5. Are you signaling an imminent death of traditional paper magazines by launching an initiative such as Next Issue Media?
At this stage of the game, digital magazine readership is very small when compared to print. But print is no longer a growth proposition and digital uptake – while still in its formative stages – is rapidly accelerating.
At some point in the near future the lines will cross; when that happens, the overall size of the magazine industry – print plus digital – is potentially much larger than today and the industry as a whole benefits.
By driving deeper levels of reader discovery and engagement across more titles via our flat rate offering, Next Issue increases the overall slice of leisure time people spend with magazines, which is a “win win” proposition for all involved.
6. How will participating publishers benefit from Next Issue Media venture?
Experience with other forms of digital media – music and film in particular – shows that consumer adoption and engagement grows with “all you can eat” content offerings. So there is no reason to believe that won’t be the case with magazines as well.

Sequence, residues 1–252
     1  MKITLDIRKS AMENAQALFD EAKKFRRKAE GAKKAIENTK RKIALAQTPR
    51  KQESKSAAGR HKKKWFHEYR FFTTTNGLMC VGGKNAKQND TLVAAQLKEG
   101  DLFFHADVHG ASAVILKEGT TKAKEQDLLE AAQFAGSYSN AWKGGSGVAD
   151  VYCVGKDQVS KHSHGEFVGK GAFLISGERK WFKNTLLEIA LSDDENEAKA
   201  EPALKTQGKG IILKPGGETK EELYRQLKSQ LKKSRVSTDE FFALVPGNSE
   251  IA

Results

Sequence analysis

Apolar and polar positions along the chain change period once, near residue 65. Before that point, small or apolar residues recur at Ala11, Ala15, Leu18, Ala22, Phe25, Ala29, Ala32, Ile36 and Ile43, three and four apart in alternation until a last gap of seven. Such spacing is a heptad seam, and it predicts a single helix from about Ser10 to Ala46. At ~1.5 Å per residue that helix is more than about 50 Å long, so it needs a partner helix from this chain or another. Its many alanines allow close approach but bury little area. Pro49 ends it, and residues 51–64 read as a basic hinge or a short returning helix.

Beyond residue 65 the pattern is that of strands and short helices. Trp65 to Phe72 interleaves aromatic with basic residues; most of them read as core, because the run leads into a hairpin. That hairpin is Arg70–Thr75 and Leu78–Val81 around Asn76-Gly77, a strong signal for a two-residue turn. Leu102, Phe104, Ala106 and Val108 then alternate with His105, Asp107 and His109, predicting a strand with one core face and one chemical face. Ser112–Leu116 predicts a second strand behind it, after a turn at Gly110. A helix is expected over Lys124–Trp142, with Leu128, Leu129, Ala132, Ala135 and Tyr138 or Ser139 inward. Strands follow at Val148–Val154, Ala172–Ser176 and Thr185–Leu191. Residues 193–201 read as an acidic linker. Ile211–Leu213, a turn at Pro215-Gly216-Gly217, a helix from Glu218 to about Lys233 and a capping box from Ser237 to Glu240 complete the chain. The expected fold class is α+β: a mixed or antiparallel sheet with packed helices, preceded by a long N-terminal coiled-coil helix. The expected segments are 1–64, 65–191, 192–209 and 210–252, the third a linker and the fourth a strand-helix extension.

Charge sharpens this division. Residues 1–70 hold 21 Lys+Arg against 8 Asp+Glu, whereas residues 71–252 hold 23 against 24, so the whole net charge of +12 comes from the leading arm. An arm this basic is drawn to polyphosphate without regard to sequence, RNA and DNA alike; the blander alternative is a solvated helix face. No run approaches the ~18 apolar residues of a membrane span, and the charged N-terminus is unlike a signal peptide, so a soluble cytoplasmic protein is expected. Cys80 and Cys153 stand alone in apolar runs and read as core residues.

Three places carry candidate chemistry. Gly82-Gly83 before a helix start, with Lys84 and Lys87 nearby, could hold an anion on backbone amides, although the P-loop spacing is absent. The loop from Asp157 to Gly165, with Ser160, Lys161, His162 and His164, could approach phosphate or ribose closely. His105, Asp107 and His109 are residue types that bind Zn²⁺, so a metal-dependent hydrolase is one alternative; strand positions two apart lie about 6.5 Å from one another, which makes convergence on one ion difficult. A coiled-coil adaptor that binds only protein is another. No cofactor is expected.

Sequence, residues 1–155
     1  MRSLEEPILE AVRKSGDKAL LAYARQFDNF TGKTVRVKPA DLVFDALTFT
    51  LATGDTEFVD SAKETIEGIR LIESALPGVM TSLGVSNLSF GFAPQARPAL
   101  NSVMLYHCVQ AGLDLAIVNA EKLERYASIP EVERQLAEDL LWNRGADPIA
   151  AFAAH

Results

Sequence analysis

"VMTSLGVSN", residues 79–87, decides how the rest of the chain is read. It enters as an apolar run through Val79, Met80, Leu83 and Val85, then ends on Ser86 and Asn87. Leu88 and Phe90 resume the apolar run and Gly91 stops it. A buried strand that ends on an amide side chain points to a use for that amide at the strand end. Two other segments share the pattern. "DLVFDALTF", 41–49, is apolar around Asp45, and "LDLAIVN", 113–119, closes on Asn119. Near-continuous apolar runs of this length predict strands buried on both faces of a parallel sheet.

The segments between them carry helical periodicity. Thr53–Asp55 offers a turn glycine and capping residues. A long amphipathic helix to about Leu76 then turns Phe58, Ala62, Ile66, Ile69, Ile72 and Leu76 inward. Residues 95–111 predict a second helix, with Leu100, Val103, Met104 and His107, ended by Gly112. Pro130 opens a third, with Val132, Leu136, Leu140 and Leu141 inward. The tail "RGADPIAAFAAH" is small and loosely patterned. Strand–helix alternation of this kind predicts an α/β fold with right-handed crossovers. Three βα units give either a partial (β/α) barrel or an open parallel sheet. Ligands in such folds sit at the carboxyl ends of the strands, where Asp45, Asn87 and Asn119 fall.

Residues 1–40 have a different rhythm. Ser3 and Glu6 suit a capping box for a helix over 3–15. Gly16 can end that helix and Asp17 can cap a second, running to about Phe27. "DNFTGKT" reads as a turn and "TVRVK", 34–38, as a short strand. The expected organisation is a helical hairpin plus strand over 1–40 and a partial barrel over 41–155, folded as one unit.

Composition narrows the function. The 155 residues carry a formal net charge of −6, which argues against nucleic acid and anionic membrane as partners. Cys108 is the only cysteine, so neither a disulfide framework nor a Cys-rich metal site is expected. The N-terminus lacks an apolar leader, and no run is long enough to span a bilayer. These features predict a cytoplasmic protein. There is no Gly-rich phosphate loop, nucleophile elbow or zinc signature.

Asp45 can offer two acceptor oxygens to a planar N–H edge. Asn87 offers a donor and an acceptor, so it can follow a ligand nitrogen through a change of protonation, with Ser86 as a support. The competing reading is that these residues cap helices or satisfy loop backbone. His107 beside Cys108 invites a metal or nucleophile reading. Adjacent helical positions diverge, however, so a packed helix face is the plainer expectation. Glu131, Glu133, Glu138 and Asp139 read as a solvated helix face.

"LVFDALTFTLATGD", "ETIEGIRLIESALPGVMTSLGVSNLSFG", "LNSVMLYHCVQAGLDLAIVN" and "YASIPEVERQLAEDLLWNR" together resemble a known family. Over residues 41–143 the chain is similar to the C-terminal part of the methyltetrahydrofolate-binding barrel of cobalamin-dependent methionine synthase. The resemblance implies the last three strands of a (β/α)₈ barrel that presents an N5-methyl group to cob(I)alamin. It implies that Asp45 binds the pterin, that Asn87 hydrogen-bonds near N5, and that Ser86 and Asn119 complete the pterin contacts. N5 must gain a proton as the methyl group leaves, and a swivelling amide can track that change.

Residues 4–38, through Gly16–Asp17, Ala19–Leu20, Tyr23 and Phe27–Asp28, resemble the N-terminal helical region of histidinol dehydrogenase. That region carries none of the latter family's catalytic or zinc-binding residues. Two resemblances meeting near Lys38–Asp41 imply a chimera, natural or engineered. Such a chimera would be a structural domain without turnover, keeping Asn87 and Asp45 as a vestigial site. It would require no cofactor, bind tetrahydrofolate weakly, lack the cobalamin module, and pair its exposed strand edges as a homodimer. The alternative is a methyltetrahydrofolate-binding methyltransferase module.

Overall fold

Early results suggest that most users of our service are new to the brands, spend appreciably more time and money reading magazines than average, and discover new brands and new content every day via the flat rate offering. So if a publisher can grow its audience, increase brand exposure and drive incremental revenues via Next Issue, what’s not to like?
7. What is your message to traditional media companies that have not yet accepted the importance of digital media?
I’d like to think we’re beyond the acceptance stage in most media companies; if I’m right, the challenge then becomes managing the transition to digital effectively. In some cases, like television and magazines, you have a healthy traditional business that can support a more deliberate and staged transition strategy.
In others, like newspapers, the forces at work require a more rapid response without much of a safety net. The key for high value media players is to recognize the value of their content in the digital realm and to look toward multiple revenue streams – paid content, advertising and commerce – as opposed to betting that lots of eyeballs will translate into lots of ad dollars.
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Morgan Guenther (pictured above) is the president and CEO of Next Issue Media. Prior to Next Issue, he was president of TiVo, another Silicon Valley company which helped usher in the digital era for traditional media.
Photo courtesy: Next Issue Media